Leading by Example

When I walked up to him and approached the area where the school garden would be, I got a great sense of anxiety when I looked at the large jungle like area in front of me. There was Mr. Phillip with 11 JHS students standing in front of the same jungle of a garden plot with cutlasses and pick ax in hand.  He lightly barked at them and said well get to work. I came with my own cutlass and I jumped right in. There was a shocked look on his face when I did this.  He asked what I was doing and I smiled at him and said, “I am leading by example.” Next thing I knew he too had a cutlass in hand and started showing kids how to clear the field.We didn’t do it for them, but we were merely trying to set a good example.

See, today was the day where I agreed, along with KITA 4-H members, to help Apromase JHS clear the field where they were going to start their 4-H garden. Across the football field I noticed KITA’s 4-H President, Christopher, with some tools in his hand walking swiftly towards the garden area.     As we walked up he said hello and Introductions were made and he jumped right in to help the students. Next thing another one of the students from KITA showed up and then another and then another. A grand total of 5 students came to help with the garden.  Nick TrainiThe idea of KITA students coming to help wasn’t just to help prepare for a garden, but it was also to look over the area to see what contributions the KITA students could make to help improve their 4-H program.  I was impressed with the way that they collaborated together not just with each other and not just with Mr. Phillip, but with the JHS 4-H members as well. They utilized their practical knowledge as well as new and upcoming technologies and sustainable practices that they have learned to suggest ideas for the school. This was all happening in between them physically working with the students showing them the best ways to hold tools and clear brush.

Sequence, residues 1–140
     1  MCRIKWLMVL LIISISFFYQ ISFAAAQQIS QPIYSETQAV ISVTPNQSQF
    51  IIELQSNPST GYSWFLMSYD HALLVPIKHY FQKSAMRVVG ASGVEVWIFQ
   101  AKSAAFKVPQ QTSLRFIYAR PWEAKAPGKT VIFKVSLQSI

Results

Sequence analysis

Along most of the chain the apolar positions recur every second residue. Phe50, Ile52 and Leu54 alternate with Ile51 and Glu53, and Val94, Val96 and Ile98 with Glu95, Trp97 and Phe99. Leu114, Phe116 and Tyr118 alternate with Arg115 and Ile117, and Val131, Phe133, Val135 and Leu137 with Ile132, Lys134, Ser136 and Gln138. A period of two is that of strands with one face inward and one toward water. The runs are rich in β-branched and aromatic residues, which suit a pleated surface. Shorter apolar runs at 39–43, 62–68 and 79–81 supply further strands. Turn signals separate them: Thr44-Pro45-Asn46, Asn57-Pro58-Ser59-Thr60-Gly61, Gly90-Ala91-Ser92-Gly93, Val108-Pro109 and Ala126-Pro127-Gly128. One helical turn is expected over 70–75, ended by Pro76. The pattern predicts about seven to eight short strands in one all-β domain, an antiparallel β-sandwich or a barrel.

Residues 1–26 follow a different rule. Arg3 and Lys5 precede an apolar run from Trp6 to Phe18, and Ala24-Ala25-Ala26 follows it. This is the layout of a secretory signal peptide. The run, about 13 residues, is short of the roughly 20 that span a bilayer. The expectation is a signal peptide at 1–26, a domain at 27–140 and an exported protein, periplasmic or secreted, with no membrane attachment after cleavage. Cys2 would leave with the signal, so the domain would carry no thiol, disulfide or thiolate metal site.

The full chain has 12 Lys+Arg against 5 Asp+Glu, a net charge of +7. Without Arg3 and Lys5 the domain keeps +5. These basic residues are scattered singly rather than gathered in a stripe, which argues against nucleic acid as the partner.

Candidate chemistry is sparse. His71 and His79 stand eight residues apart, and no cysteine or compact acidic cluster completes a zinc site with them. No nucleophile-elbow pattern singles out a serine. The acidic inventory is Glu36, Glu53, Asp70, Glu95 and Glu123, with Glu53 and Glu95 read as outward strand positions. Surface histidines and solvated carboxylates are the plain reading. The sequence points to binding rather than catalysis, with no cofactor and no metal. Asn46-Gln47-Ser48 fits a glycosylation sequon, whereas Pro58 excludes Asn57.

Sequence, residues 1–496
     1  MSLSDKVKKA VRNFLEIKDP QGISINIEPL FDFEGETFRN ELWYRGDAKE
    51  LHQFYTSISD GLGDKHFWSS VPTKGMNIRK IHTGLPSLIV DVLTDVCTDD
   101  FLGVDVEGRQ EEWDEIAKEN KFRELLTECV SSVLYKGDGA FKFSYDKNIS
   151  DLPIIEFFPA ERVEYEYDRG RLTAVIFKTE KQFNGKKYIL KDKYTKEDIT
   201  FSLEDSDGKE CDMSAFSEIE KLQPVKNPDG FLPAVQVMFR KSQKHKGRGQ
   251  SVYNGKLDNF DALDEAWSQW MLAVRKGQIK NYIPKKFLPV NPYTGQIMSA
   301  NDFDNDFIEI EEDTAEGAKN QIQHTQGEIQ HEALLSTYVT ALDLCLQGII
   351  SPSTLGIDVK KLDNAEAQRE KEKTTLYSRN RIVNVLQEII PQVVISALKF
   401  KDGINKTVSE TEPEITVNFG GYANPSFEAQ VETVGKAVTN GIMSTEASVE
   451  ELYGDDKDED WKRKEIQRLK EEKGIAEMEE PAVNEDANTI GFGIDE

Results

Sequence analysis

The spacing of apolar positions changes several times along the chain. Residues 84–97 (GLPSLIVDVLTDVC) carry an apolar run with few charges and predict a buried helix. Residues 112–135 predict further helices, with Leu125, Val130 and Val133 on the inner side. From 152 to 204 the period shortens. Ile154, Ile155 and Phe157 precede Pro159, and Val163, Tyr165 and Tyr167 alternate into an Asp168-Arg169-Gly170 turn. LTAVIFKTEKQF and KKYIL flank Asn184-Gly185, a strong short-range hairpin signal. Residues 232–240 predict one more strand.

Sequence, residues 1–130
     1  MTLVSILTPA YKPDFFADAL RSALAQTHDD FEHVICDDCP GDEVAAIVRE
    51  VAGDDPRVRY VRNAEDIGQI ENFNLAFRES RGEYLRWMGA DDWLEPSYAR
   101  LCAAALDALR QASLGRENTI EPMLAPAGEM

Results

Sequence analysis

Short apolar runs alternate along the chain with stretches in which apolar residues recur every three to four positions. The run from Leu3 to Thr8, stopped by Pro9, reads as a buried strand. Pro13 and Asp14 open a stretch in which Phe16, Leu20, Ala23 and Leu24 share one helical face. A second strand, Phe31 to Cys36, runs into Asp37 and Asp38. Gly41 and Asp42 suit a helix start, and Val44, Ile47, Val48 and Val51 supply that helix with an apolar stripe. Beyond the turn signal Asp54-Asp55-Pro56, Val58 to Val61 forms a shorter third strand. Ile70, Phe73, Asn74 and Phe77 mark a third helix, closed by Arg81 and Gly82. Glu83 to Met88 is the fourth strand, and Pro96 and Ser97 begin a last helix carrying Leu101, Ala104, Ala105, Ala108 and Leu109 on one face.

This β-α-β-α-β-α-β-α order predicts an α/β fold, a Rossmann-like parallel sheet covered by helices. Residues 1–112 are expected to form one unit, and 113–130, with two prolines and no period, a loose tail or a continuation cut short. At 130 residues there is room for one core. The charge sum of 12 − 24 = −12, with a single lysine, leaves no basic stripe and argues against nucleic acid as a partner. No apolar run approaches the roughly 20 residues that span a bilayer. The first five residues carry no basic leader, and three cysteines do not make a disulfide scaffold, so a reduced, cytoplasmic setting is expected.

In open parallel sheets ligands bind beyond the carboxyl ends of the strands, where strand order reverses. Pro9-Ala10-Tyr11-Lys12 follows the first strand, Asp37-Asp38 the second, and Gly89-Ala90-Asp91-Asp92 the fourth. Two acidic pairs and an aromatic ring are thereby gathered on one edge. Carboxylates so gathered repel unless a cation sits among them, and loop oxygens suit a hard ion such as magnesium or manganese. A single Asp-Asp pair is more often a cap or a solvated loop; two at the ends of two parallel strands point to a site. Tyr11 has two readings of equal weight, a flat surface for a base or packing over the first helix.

As we were finishing up Christopher made a suggestion that made me proud.  “Mista Nick,” he said “teaching farming is important but we should do more then just work, maybe next time we can play some of those games about team work and such that we play at our meetings”.

All this time I thought when I would do leadership activities with the KITA 4-H students,  I was just wasting my time.  In reality it made an impact because now they want to do these activities with the JHS students.  Next thing I know the field was clear and the look on everyone’s face had a shimmer of accomplishment.  As I walked back home I thought to myself, who would of thought, leading by example.

Nick Traini is an Agriculture Science graduate from California Polytechnic State University. Before becoming an AgriCorps Member, Nick taught high school agricultural mechanics and served as a FFA advisor.

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